The Riddle Master: Rupert Bunny’s ‘Oedipus and the Sphinx’

Esteemed art historian and engaging storyteller Associate Professor Alison Inglis helms the Potter Museum of Art’s latest Up from the Vaults video presentation, where she explores an early twentieth-century oil painting by Australian artist Rupert Bunny titled Oedipus and the Sphinx.

Depicting the ancient Greek tale of Oedipus answering the riddle of the Theban Sphinx, Bunny’s distinctive interpretation is investigated throughout this half-hour long presentation, as Alison draws on her expansive art historical knowledge. Taking a deep-dive into the work of this critically acclaimed expatriate Australian artist, Alison shares comparisons with other historical art examples ranging from ancient Greek vases and neo-classical paintings to fin de siècle illustration and twenty-first-century art installations.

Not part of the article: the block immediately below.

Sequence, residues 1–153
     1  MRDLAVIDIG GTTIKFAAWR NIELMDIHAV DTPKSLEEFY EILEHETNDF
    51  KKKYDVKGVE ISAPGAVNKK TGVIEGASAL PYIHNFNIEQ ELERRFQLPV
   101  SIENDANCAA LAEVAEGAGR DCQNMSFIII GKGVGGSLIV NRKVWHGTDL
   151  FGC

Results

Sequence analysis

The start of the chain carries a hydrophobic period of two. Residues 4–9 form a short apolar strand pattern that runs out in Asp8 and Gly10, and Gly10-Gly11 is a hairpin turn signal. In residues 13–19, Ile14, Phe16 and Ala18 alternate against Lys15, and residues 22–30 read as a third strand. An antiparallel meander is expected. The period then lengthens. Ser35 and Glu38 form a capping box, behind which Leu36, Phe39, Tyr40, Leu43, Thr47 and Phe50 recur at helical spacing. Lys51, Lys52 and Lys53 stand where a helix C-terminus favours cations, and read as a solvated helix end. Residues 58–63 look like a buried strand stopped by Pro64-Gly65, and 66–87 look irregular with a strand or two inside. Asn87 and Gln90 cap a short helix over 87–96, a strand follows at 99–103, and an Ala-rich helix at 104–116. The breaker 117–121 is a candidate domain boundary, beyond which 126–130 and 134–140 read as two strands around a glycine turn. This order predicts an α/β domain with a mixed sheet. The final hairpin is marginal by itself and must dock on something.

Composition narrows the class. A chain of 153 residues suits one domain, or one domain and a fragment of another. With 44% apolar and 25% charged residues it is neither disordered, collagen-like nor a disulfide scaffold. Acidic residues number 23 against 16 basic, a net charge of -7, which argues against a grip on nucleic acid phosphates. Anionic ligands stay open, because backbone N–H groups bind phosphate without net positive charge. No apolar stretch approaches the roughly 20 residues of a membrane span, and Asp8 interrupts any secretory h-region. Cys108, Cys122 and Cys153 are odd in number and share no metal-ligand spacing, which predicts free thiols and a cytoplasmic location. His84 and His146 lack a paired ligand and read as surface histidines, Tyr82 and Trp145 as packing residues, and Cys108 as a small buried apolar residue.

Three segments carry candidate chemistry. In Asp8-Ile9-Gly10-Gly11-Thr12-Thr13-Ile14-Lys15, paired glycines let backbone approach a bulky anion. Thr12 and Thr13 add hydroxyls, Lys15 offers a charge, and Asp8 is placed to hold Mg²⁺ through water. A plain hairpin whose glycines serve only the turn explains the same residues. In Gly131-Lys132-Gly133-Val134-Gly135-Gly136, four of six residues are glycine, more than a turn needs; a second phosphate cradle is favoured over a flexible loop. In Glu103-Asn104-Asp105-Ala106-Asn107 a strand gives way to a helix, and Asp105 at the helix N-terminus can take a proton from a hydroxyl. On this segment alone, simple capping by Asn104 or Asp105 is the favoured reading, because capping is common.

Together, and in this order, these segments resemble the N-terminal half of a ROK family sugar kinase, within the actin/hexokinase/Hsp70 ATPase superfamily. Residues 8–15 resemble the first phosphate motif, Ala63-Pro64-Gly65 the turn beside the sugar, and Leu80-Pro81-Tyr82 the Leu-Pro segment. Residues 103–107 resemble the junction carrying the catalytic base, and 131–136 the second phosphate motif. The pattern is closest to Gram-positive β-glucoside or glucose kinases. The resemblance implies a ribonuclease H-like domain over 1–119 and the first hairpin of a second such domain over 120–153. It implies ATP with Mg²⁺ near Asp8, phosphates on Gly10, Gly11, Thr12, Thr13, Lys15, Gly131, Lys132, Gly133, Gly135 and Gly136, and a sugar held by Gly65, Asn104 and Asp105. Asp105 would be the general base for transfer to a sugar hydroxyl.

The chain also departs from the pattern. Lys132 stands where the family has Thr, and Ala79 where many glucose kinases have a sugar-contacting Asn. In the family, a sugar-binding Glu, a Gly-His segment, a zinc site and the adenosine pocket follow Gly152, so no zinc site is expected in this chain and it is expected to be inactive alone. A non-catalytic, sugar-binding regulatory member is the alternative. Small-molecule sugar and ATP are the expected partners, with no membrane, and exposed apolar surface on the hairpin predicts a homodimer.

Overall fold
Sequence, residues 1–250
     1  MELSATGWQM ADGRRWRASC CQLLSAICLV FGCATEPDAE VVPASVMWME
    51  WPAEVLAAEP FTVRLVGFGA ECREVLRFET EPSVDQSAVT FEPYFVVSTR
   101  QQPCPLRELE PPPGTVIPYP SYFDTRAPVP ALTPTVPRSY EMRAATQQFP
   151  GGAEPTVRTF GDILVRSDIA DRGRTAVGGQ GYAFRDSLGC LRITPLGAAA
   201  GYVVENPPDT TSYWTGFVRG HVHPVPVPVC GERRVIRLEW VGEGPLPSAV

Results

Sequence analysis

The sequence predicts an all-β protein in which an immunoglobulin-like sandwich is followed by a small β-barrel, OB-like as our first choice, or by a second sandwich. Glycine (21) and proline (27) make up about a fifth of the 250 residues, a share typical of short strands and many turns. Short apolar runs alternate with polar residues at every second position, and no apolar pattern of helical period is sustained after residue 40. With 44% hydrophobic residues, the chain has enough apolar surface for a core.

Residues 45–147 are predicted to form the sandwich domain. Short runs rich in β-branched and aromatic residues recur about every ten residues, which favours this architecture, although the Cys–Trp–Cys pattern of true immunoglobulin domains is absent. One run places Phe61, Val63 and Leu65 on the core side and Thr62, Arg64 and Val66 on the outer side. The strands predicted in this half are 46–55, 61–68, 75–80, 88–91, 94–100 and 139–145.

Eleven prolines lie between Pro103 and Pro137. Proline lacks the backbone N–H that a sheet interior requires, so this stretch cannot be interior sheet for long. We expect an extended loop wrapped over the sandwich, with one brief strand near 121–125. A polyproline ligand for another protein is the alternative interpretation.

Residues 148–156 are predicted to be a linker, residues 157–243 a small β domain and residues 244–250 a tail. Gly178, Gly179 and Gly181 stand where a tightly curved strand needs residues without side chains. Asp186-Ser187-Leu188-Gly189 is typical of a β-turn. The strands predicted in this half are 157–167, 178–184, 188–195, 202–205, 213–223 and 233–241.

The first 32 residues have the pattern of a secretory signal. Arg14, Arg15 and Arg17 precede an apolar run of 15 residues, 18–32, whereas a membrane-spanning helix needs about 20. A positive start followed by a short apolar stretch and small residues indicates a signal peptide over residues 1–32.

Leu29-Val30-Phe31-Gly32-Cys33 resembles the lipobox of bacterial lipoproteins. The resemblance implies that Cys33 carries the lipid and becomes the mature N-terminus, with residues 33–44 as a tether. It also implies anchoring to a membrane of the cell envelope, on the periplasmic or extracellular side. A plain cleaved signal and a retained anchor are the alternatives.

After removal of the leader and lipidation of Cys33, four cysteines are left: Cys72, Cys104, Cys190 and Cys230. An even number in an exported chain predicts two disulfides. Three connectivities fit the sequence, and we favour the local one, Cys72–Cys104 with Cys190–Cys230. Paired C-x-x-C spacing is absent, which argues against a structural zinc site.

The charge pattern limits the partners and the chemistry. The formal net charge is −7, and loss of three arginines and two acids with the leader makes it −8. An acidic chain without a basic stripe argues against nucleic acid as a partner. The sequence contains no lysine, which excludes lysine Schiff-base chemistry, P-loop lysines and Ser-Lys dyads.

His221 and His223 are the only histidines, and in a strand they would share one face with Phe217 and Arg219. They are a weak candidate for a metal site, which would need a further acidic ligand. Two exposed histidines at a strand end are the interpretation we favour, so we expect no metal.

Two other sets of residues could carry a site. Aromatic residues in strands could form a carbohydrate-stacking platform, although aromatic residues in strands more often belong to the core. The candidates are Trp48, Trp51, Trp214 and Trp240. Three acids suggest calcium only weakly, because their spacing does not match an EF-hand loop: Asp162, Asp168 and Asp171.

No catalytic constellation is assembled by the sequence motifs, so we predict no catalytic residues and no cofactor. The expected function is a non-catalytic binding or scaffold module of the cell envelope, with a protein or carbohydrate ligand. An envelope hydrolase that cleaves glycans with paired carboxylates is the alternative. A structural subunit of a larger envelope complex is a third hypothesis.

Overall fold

The University of Melbourne is fortunate to own both the major oil painting of Oedipus and the Sphinx (purchased in 1960) as well as the study for the work, which was gifted by the artist’s estate in 1948 along with other material from Bunny’s studio. The oil sketch and finished work shed light on Bunny’s developing ideas about his composition, and his shift from the confrontation between man and monster to the moment of victory for Oedipus, the riddle master.

Finally, the historical context in which the painting was created – in Paris, at a time when Bunny’s style and subject matter were dramatically transformed by the influence of the avant-garde Ballets Russes – is also explored. Bunny’s Oedipus and the Sphinx is revealed as a modernist reimagining of an ancient myth that overturned the traditional iconography of this subject.

Oedipus and the Sphinx

Image: Rupert Bunny, Oedipus and the Sphinx, n.d. University of Melbourne Art Collection. Purchased 1960